Not to argue with you because I was definitely wrong to have made assumptions about the implementation on freeCodeCamp without having attempted it—but now that I’ve done the freeCodeCamp one as well, I just want to clarify the point that you made about the difference: it doesn’t look like the issue is because of the missing 1 in the Fibonacci series. Your code is definitely right, but using your logic, `144` is the 12th term. If we start from 1, 2, 3, 5, 8… etc. then `144` is the 11th term. (By the way, even without the additional 1 at the beginning these are still Fibonacci numbers, by the way, just because it’s missing a 1 doesn’t mean that they are not part of the series).

So the issue is because whomever implemented the test logic is actually counting from `0` and included `10` as well, which, again, is really weird because that’s counting 11 terms.

In any case, and once again, many apologies for the assumptions I’ve made simply because the description is the same as the one I’ve attempted on projecteuler.net. Thank you for taking the time to explain the issue and correct me, too!

P.S. Do you want to open an issue on GitHub about this? If not, I’m more than happy to do so.

2 Likes

This was totally my problem as well, thanks! Your code is much simpler than mine and probably takes up way less memory too haha! This is what I came up with which has two versions and some notes about other things that seem wrong in freeCodeCamp’s question…

``````//The exercise specifically says the Fibonacci sequence whose values do NOT exceed four million...which would be this:

function fiboEvenSum(x) {
var list = [1, 1];
for (var i = 1; i <= x; i++) {
let a = list[i] + list[i - 1];
if (a < 4000000) {
list.push(a);
} else {
break;
}
}
console.log(list);
return list.filter(i => i % 2 == 0).reduce((a, b) => a + b);
}

console.log(fiboEvenSum(43));

//...but one of the tests says fibEvenSum(43) should return 1485607536 which is quite a bit higher than the 4000000 term which we cross between the 30 and 31st terms...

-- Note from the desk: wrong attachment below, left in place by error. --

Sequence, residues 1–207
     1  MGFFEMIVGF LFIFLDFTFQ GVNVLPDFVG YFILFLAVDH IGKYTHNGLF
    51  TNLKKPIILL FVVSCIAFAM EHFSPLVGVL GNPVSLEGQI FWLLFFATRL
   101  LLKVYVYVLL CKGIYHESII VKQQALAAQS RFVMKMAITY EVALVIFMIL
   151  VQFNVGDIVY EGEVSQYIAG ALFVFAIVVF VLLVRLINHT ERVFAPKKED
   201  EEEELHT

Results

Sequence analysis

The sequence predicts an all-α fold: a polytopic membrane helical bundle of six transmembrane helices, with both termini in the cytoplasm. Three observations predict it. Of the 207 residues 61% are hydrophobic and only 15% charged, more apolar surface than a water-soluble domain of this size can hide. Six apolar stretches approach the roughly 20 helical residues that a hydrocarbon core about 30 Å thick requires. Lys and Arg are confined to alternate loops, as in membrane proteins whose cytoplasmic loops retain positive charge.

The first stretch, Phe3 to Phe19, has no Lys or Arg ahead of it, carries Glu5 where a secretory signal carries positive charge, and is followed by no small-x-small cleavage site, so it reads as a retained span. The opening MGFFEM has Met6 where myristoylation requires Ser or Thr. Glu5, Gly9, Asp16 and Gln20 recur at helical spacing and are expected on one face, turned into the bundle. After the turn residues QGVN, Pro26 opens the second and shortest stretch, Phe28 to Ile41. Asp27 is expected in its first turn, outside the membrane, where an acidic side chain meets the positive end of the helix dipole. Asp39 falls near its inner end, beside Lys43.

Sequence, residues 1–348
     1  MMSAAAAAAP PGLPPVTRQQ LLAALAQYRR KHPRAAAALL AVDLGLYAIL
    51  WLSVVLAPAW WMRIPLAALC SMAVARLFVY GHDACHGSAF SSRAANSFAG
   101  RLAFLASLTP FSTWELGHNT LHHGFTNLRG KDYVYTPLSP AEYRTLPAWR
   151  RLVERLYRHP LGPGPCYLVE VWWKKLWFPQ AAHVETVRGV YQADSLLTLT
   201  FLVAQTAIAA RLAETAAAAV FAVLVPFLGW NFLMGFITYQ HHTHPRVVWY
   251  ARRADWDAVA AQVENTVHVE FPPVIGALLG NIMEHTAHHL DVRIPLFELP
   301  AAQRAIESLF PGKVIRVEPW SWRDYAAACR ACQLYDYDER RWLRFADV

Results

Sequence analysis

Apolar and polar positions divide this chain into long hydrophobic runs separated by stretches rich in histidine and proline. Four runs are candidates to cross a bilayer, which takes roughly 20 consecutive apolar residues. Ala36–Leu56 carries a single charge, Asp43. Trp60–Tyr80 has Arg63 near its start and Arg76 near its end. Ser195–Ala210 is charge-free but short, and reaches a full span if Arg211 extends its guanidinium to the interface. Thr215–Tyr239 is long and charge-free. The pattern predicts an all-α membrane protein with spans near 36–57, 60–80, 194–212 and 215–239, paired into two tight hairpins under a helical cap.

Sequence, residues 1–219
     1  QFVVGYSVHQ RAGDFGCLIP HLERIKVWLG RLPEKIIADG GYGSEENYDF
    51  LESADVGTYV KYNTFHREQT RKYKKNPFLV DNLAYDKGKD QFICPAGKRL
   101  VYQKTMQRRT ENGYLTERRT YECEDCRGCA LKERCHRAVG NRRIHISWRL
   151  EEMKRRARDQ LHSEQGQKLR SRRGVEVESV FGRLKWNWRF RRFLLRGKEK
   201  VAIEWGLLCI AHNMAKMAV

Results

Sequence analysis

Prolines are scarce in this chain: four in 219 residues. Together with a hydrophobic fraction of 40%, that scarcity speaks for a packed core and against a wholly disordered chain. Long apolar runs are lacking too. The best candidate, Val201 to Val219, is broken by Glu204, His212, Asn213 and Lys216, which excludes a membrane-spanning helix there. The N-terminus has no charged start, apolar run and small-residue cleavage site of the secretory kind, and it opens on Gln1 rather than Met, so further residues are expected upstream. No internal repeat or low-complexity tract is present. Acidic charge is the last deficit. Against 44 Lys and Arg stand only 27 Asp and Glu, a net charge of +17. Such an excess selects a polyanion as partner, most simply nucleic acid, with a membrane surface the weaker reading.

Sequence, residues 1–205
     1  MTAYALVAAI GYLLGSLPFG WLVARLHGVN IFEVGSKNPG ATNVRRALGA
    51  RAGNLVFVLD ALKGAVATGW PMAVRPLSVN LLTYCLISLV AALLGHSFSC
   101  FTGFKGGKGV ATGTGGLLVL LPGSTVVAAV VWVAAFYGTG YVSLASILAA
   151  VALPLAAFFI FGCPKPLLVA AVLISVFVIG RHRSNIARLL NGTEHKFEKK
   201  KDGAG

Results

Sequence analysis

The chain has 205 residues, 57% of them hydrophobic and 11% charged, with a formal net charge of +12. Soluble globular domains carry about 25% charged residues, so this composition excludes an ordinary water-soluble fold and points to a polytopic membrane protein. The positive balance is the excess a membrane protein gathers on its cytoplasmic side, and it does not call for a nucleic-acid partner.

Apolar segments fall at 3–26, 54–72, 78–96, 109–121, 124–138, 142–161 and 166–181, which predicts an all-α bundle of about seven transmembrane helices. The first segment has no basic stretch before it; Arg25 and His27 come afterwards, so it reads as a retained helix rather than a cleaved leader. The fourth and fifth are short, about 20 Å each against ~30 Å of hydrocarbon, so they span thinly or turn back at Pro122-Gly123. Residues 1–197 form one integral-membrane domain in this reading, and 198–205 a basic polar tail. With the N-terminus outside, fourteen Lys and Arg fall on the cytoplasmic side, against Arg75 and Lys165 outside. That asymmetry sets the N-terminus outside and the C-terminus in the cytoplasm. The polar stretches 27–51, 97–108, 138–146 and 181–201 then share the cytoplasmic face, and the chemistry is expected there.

//   ¯\_(ツ)_/¯    here ya go...

function fiboEvenSum(x) {
var list = [1, 1];
for (var i = 1; i <= x; i++) {
let a = list[i] + list[i - 1];
list.push(a);
}
console.log(list);
return list.filter(i => i % 2 == 0).reduce((a, b) => a + b);
}

console.log(fiboEvenSum(43));

``````

I’m leaving this message here for the poor souls who have trouble deciphering the description of the problem (myself included). I spent a half an hour tweaking my code because I thought that it means the sum of all numbers (it does not).

The problem can be rephrased like this:

`By considering the terms in the Fibonacci sequence that are smaller or equal to 4 million (4 000 000)`.

There, you just avoided wasting half an hour.

Welcome, florian.

If you were going about it in any other way than:

By considering the terms in the Fibonacci sequence whose values do not exceed `n` , find the sum of the even-valued terms

Then, you would have an infinite loop, because there are an infinite number of Fibonacci numbers. The fCC tests only go up to *4 000 000, but your code should still be able to find the sum of numbers higher, if written correctly.

If you are having any issue with completing the challenges, open a new topic (unless you find an existing one). The fCC community are glad to help.

Honestly that’s not a big improvement over the original definition because you are using “values” and “terms” to talk about the same thing, that’s part of how I was misguided in the first place. Also, when I read values I think about the overall sum of the sequence, so that’s not good either. The word “term” doesn’t bring confusion with it, they should’ve only used that.